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QUIC, a multiplexed stream transport over UDP

QUIC is an experimental protocol aimed at reducing web latency over that of TCP. On the surface, QUIC is very similar to TCP+TLS+SPDY implemented on UDP. Because TCP is implement in operating system kernels, and middlebox firmware, making significant changes to TCP is next to impossible. However, since QUIC is built on top of UDP, it suffers from no such limitations.

Key features of QUIC over existing TCP+TLS+SPDY include 
  • Dramatically reduced connection establishment time
  • Improved congestion control
  • Multiplexing without head of line blocking
  • Forward error correction
  • Connection migration

What is QUIC?  QUIC is the name for a new experimental protocol, and it stands for Quick UDP Internet Connection.  The protocol supports a set multiplexed connections over UDP, and was designed to provide security protection equivalent to TLS/SSL, along with reduced connection and transport latency. An experimental implementation is being put in place in Chrome by a team of engineers at Google.

What are some of the distinctive techniques being tested in QUIC?  QUIC will employ bandwidth estimation in each direction into congestion avoidance, and then pace packet transmissions evenly to reduce packet loss.  It will also use packet-level error correction codes to reduce the need to retransmit lost packet data.  QUIC aligns cryptographic block boundaries with packet boundaries, so that packet loss impact is further contained.

Doesn’t SPDY already provide multiplexed connections over SSL?  Yes, but SPDY currently runs across TCP, and that induces some undesirable latency costs (even though SPDY is already producing lower latency results than traditional HTTP over TCP).

Why isn’t SPDY over TCP good enough?  A single lost packet in an underlying TCP connection stalls all of the multiplexed SPDY streams over that connection. By comparison, a single lost packet for X parallel HTTP connections will only stall 1 out of X connections. With UDP, QUIC can support out-of-order delivery, so that a lost packet will typically impact (stall) at most one stream. TCP’s congestion avoidance via a single congestion window also puts SPDY at a disadvantage over TCP when compared to several HTTP connections, each with a separate congestion window. Separate congestion windows are not impacted as much by a packet loss, and we hope that QUIC will be able to more equitably handle congestion for a set of multiplexed connections.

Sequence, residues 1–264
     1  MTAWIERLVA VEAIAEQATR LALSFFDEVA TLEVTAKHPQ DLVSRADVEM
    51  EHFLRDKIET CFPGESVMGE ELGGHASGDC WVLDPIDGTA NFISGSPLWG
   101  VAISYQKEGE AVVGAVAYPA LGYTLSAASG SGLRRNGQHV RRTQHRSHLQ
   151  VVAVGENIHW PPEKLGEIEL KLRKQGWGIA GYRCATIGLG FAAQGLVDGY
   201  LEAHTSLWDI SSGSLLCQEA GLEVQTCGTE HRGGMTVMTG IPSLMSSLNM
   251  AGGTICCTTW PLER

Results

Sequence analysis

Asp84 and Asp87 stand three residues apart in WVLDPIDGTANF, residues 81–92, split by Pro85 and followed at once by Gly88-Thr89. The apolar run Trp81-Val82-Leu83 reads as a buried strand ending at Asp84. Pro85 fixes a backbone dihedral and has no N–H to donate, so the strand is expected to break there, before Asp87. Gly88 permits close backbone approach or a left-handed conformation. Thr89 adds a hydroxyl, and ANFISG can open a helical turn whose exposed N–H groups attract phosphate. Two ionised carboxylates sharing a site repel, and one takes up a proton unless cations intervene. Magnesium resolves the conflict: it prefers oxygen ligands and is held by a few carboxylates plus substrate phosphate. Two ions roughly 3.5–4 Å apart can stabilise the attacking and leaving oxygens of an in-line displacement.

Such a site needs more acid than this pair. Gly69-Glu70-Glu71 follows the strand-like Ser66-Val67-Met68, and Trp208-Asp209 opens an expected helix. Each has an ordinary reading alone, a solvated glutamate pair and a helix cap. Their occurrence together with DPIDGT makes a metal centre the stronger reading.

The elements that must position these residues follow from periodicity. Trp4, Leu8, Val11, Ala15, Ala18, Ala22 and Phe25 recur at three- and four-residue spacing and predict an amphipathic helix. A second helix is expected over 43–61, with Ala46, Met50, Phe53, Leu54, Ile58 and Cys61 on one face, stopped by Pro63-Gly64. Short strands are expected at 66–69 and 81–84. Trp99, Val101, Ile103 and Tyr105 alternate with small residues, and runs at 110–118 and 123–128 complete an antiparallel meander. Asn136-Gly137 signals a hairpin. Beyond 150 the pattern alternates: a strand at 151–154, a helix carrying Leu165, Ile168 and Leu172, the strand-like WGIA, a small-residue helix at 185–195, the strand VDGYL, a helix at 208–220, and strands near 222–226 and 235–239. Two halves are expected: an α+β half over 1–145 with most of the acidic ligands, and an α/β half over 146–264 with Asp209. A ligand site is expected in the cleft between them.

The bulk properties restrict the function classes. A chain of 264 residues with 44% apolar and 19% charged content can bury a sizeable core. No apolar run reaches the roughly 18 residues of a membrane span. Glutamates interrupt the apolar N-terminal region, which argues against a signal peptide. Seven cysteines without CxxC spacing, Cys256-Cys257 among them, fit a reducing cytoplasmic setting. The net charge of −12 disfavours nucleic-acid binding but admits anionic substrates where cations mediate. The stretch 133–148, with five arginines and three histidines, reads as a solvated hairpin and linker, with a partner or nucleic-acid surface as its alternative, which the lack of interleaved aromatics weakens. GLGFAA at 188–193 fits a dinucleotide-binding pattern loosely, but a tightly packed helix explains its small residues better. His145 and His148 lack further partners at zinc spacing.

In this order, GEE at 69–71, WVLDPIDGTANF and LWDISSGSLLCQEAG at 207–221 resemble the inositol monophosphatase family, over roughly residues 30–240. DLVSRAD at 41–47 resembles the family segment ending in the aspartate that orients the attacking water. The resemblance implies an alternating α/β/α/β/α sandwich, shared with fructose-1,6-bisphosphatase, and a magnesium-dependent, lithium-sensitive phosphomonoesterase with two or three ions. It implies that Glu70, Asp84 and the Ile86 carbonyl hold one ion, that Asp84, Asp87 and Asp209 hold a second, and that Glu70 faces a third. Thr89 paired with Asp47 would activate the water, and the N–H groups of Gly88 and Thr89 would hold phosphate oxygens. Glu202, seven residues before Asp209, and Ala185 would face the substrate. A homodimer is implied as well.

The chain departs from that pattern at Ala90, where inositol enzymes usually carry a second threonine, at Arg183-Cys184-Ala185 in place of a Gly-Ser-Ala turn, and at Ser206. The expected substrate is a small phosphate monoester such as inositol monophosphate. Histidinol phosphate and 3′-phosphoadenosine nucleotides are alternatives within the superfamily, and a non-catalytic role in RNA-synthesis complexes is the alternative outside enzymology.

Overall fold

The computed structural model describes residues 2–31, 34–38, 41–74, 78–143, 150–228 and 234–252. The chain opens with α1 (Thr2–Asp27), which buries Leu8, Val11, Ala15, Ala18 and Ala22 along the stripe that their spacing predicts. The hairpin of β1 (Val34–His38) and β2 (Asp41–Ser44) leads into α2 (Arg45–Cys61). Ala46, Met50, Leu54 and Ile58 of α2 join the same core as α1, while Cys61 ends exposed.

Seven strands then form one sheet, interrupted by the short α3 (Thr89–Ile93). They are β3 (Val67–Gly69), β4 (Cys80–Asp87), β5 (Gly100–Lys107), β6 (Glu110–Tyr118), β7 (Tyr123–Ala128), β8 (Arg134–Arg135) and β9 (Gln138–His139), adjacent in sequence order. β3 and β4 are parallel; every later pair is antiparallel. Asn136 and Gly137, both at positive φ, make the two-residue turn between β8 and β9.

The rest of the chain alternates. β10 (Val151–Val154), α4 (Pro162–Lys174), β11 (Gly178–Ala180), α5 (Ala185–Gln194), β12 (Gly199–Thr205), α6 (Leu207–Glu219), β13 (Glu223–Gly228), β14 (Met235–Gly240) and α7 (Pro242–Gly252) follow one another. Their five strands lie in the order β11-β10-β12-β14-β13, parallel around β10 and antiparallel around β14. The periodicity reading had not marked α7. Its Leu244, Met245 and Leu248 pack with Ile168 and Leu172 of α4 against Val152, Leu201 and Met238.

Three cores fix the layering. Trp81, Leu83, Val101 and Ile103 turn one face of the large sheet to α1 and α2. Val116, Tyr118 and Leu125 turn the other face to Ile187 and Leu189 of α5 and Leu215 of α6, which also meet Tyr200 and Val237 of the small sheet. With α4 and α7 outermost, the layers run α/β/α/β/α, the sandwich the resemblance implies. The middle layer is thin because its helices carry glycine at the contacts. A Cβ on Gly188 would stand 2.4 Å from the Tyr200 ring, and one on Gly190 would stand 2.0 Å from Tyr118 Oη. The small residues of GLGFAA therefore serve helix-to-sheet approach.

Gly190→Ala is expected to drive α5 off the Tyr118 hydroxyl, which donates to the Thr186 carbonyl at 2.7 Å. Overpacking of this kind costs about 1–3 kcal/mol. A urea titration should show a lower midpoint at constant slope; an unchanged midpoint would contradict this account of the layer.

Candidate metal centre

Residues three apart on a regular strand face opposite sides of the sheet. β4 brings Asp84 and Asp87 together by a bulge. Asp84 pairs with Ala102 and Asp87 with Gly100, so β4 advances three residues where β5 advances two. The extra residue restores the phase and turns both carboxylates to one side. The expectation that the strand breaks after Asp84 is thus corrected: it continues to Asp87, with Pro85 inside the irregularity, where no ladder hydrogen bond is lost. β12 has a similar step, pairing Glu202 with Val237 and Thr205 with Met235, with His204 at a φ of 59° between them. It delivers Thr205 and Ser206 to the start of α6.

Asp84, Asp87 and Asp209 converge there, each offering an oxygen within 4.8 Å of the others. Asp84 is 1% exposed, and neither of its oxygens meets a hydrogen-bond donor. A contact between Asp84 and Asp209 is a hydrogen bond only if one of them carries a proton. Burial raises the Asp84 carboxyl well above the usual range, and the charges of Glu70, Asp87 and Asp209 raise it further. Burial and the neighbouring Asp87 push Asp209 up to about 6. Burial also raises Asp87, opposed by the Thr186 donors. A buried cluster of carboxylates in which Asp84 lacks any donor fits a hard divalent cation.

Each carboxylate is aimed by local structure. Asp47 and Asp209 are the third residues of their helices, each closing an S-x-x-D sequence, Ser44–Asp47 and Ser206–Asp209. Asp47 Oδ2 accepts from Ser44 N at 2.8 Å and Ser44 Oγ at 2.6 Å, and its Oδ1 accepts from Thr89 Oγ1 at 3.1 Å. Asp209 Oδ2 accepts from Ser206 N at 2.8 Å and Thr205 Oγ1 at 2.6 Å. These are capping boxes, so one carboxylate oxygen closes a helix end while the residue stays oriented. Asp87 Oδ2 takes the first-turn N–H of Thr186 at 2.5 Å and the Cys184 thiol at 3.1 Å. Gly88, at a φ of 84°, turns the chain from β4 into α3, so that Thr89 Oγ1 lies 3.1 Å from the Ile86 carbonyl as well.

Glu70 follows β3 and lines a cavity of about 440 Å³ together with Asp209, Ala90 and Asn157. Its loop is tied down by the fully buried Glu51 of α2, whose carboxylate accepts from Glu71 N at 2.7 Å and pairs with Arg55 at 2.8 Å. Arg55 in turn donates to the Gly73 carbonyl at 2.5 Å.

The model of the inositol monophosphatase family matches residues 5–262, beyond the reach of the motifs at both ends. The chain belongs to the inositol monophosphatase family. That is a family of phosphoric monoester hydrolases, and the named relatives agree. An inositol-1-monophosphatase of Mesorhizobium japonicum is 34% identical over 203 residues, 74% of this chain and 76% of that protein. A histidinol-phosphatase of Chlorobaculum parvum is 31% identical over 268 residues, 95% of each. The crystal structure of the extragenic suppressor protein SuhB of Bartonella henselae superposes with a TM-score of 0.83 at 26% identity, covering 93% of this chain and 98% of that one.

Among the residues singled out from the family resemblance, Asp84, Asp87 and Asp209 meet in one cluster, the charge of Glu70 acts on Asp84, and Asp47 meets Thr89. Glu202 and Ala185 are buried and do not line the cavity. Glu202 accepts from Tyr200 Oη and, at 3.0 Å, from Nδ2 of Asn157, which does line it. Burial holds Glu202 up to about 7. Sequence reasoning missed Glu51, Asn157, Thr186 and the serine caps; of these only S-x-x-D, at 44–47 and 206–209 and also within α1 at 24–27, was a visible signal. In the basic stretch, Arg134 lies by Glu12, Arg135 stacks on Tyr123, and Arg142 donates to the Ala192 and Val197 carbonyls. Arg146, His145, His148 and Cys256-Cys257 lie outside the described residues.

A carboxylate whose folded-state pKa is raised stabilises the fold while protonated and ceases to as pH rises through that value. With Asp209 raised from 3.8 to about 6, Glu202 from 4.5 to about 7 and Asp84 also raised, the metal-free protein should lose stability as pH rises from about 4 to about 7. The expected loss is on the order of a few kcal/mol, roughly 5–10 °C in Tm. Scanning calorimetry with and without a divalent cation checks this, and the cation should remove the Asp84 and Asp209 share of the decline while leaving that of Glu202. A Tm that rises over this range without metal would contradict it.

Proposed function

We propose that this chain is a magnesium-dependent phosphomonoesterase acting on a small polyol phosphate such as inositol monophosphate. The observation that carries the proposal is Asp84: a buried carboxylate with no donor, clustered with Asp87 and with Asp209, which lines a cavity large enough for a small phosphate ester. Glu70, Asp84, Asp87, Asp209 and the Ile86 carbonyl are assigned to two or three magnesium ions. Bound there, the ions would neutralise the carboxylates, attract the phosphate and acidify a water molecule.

Are there any other reasons why TCP isn’t good enough?  TCP, and TLS/SSL, routinely require one or more round trip times (RTTs) during connection establishment.  We’re hopeful that QUIC can commonly reduce connection costs towards zero RTTs. (i.e., send hello, and then send data request without waiting).

Why can’t you just evolve and improve TCP under SPDY?  That is our goal. TCP support is built into the kernel of operating systems. Considering how slowly users around the world upgrade their OS, it is unlikely to see significant adoption of client-side TCP changes in less than 5-15 years. QUIC allows us to test and experiment with new ideas, and to get results sooner. We are hopeful that QUIC features will migrate into TCP and TLS if they prove effective.

Why didn’t you build a whole new protocol, rather than using UDP? Middle boxes on the Internet today will generally block traffic unless it is TCP or UDP traffic.  Since we couldn’t significantly modify TCP, we had to use UDP.  UDP is used today by many game systems, as well as VOIP and streaming video, so its use seems plausible.

Why does QUIC always require encryption of the entire channel?  As we learned with SPDY and other protocols, if we don’t encrypt the traffic, then middle boxes are guaranteed to (wittingly, or unwittingly) corrupt the transmissions when they try to “helpfully” filter or “improve” the traffic.

UDP doesn’t have congestion control, so won’t QUIC cause Internet collapse if widely adopted?  QUIC employs congestion controls, just as it employs automatic retransmission to support reliable transport.  QUIC will attempt to be fair with competing TCP traffic.  For instance, when conveying Q multiplexed flows, and sharing bandwidth with T concurrent TCP flows, we will try to use resources in the range of Q / (Q+T) bandwidth (i.e., “a fair share” for Q additional flows).

Why didn’t you use existing standards such as SCTP over DTLS?  QUIC incorporates many techniques in an effort to reduce latency. SCTP and DTLS were not designed to minimize latency, and this is significantly apparent even during the connection establishment phases. Several of the techniques that QUIC is experimenting with would be difficult technically to incorporate into existing standards. As an example, each of these other protocols require several round trips to establish a connection, which is at odds with our target of 0-RTT connectivity overhead.